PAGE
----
DALLAS (CBSDFW.COM) – There’s a new battle in the fight against West Nile Virus, but it’s not about which insecticide to use, but how to use it: by air or by ground.
The Dallas County Medical Society board of directors voted 13-0 to recommend to Dallas County Health and Human Services that aerial spraying of insecticide should be utilized to combat West Nile Virus.
The increasing number of deaths, 8 in Dallas County alone, and the steadily increasing number of human cases were cited as reasons for the recommendation.
“The fact that some of these fatalities had been in areas that had already utilized ground spraying, the concern is that we need to proceed further with more effective measures,” said Mark Casanova M.D., a member of the Board of Directors for the Dallas County Medical Society.
In an update to the Dallas County Commisioner’s, DCHHS Medical Director, Zach Thompson was praised by commisioners’ for their proactive work in fighting West Nile Virus.
Dallas County health officials said they have no intention of recommending aerial spraying of insecticide anytime soon.
“If you’re talking about aerial spraying over an urban area we really need some information and some research to really look at how effective its going to be,” Thompson said. “That can’t be based on just someone sending a letter to us.”
Residents in the 75299 zip code, where the latest West Nile Death victim lived, say they are concerned about the possible health effects that aerial spraying could leave behind.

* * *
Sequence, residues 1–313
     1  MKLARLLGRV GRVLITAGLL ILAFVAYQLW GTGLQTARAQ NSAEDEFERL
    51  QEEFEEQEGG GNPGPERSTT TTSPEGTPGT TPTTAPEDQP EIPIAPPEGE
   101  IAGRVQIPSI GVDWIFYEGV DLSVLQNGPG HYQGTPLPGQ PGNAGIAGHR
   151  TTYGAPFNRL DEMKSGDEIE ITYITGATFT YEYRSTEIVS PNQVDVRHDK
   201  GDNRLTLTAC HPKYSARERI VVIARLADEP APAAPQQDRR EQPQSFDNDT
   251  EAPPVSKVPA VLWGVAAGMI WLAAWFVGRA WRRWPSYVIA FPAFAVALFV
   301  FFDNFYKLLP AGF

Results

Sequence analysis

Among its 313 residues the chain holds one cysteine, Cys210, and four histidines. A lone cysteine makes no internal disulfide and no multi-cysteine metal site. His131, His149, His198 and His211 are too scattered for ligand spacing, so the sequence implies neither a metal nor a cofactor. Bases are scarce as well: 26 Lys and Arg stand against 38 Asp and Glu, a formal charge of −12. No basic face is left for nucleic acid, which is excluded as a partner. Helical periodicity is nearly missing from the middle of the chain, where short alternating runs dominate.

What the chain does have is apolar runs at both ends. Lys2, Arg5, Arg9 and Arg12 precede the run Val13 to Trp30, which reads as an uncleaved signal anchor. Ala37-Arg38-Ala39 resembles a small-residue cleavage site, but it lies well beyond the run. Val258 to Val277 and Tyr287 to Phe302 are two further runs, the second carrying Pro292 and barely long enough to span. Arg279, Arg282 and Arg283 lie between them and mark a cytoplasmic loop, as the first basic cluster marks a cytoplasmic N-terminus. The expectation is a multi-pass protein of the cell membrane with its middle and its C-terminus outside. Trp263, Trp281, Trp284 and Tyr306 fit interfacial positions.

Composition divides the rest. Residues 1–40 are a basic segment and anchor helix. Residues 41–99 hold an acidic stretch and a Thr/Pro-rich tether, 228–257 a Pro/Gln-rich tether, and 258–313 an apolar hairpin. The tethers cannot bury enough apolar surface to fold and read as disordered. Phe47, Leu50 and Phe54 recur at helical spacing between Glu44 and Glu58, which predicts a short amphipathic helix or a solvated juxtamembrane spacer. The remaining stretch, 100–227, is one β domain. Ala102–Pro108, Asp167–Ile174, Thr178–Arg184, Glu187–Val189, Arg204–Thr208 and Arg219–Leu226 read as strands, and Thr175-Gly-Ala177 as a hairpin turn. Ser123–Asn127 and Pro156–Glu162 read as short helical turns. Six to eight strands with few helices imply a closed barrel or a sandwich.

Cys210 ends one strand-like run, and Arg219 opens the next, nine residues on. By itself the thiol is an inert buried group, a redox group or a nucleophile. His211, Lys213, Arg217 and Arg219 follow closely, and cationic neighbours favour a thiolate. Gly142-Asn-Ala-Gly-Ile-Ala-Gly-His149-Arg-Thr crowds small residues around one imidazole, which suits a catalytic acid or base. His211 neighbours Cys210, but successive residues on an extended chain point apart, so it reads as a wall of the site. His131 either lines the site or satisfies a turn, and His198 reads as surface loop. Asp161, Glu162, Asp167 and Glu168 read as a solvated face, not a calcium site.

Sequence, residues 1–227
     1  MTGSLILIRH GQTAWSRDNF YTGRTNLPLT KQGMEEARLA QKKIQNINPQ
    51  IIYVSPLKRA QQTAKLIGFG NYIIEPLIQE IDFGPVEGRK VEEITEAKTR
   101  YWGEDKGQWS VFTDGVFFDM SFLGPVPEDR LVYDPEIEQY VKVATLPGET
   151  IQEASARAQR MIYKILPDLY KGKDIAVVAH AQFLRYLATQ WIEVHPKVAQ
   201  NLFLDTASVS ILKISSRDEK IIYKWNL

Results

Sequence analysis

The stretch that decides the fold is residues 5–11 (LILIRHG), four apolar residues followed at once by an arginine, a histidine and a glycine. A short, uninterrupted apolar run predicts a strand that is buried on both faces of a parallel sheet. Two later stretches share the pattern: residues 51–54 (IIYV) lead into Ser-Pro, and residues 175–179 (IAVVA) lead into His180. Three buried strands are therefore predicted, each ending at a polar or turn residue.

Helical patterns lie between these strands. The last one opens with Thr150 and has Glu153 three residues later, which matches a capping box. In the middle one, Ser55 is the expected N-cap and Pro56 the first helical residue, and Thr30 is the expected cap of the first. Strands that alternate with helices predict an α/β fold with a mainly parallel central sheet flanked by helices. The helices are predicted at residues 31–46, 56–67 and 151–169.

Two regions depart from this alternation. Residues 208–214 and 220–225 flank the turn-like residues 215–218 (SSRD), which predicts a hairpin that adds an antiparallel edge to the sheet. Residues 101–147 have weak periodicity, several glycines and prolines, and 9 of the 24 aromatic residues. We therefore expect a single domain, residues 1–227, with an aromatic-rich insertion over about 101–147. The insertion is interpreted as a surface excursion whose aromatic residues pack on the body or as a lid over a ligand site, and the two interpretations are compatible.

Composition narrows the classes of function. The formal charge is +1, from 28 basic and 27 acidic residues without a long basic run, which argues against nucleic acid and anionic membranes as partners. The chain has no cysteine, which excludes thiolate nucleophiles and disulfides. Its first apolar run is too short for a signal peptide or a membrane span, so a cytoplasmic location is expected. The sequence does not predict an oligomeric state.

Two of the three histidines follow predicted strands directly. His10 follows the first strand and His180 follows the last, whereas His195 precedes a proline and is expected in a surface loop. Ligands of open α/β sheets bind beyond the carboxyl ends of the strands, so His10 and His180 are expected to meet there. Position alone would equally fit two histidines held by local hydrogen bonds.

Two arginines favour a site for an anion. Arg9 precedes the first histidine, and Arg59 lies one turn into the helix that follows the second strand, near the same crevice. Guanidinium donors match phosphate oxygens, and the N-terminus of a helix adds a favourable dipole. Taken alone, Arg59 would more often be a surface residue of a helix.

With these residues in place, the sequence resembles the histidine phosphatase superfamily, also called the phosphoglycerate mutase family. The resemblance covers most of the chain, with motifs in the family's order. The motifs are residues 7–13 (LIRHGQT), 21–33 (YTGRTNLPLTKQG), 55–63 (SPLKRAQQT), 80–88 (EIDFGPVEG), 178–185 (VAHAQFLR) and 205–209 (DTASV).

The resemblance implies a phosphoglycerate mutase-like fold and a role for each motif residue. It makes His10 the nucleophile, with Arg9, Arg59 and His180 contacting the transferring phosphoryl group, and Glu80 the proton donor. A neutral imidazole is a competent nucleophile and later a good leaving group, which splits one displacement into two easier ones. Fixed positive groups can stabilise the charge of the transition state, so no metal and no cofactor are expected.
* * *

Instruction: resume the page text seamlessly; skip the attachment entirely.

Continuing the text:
“You have less control over where you’re hitting and you’re more likely to hit unintended targets, like human beings, animals and sensitive water ways,” said Jenny Land, a North Dallas resident.
Dallas County Medical Director Christopher Perkins D.O. shares those concerns.
“When you do a blanket approach and you have people with possible underlying issues, you’ve got to take precautions necessary not to be exposed,” he said. “Yes, if a person is out there and gets a high enough dose, they can have symptoms.”
But Casanova argues urban areas like Houston and New York City have utilized aerial spraying to fight West Nile Virus and says certain high risk areas are not reachable by traditional ground spraying trucks.
“We can only reach areas that are accesible by roads. Bodies of water, large parks, alleyways, can’t be reached with ground spraying,” he said.
Aerial spraying hasn’t been conducted in Dallas since the 1960’s and Thompson says there needs to be more research done about how it affects urban areas.
For the now, the county will be spraying more, but it will be from the ground.
Areas with a high number of human cases and/or mosquito traps that test positive for West Nile Virus will be sprayed 3 days in a row, something the CDC recommended and says has been effective in other cities.
Dallas County Health and Human Services has met with municipalities since early May to decide how to approach combating West Nile Virus and their concensus was ground spraying and public education that focuses on prevention.
“We are going to stay the course. That’s what the cities agreed on, that the stepped up spraying approach is going to be beneficial. If not, we’ll regroup,” Thompson said.